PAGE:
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Satellites in Orbite

  1. Dec 29, 2009 #1
    1. The problem statement, all variables and given/known data
    you are in charge of placing a satellite of mass 5130kg into an orbit around the planet Jupiter. The orbit has an altitude of 3.59E+5m.

    What is the orbital velocity of the satellite?

    2. Relevant equations

    Velocity = square root (G * m/r)

    3. The attempt at a solution

    Velocity = square root (6.67e-11 * 5130/3.59e+5)
    V = 9.76e-7 which is Incorrect.

    Any Help would be much appreciated!!!!!
  2. jcsd
  3. Dec 29, 2009 #2


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    I think you'd need to add the radius of Jupiter to the 'r' in your equation.
  4. Dec 29, 2009 #3
    I have tried that:
    V = square root( 6.67e-11 * 5130/7.218e7)
    v=6.884e-8 m/s which is also Incorrect.
  5. Dec 29, 2009 #4


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    your formula is missing a '2' in it. If I recall correctly it should be

    [tex]v=\sqrt{2 \frac{GM}{r}}=\sqrt{2gr}[/tex]
  6. Dec 29, 2009 #5
    I can't get that to work either!!
  7. Dec 29, 2009 #6


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    Sorry sorry, I remember it now.

    [tex]\frac{mv^2}{r}=\frac{GMm}{r^2} \Rightarrow v = \sqrt{\frac{GM}{r}}[/tex]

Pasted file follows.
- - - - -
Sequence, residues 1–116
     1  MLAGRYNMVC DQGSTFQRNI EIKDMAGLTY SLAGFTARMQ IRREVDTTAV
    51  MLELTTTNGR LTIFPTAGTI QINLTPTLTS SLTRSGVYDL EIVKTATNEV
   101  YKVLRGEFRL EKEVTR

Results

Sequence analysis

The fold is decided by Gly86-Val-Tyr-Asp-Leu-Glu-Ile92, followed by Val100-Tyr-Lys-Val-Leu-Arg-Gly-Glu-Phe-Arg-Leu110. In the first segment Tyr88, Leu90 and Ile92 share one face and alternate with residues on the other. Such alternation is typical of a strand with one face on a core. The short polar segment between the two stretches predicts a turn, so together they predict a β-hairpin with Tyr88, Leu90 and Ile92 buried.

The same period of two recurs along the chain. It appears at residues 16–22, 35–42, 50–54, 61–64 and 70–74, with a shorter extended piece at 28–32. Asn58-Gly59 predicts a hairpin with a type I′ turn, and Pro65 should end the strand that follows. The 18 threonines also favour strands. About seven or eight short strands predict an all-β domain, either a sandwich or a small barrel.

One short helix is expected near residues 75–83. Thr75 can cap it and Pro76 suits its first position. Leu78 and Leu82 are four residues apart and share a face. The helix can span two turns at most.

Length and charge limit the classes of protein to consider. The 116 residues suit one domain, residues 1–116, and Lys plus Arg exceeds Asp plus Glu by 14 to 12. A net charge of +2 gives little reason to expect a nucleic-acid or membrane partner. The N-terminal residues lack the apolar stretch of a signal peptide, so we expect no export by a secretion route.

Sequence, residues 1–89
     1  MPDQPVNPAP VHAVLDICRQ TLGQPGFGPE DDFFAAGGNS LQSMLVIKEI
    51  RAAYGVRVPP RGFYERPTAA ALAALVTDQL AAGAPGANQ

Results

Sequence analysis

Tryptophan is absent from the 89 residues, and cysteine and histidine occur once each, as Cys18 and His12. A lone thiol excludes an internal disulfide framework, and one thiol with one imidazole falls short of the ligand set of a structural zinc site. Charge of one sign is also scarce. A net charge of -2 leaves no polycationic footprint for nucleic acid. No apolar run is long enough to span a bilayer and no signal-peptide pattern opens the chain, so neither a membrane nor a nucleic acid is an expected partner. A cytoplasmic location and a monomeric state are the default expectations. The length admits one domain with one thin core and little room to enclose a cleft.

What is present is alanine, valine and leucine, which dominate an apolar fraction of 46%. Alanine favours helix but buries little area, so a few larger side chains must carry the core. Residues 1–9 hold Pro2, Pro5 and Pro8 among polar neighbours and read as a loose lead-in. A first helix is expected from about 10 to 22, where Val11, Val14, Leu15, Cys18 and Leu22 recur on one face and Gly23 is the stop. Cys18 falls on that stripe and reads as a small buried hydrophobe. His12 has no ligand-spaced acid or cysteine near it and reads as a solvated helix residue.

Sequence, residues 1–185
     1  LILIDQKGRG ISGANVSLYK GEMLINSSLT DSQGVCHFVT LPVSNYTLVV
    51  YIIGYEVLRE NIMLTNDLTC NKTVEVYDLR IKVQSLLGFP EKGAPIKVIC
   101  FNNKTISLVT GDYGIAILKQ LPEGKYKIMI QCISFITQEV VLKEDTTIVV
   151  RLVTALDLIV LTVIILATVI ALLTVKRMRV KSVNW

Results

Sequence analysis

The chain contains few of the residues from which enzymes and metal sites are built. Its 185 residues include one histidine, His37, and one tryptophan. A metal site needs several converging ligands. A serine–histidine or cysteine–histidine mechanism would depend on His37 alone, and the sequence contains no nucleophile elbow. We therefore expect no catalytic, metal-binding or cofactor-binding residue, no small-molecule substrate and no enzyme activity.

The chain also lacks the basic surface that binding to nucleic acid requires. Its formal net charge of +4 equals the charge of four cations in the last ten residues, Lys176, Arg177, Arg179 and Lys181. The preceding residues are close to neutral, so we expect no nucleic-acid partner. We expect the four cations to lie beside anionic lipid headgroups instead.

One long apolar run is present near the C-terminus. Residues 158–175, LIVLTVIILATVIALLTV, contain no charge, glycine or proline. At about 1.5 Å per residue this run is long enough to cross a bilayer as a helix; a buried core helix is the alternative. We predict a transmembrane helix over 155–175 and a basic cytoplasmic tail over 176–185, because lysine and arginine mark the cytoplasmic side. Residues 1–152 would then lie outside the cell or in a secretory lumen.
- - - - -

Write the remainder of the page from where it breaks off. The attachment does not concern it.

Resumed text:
But I don't think M= mass of the satellite, m should be that mass of the planet.

    (please excuse me, it's been 3 years since I've done these problems)
  8. Dec 29, 2009 #7
    The centripetal force required to keep the satellite in orbit around jupiter is mv^2/r.
    The attraction between the satellite and jupiter is GMm/r^2.

    If you set these two statements equal to each other, and little m is the mass of the satellite, does m not cancel? What do you get for v when you set these two equations equal to each other just using the symbols?

    and the poster above has just shown this. You should be using the mass of Jupiter... that may be the problem.
  9. Dec 29, 2009 #8
    Thanks for the explanation!
  10. Dec 29, 2009 #9
  11. Dec 29, 2009 #10
    No problem.

    The beauty is that it takes Newton's law of gravitation and says hey this is what is supplying the centripetal force to keep the satellite and orbit. You can do all sorts of interesting stuff with this equality.
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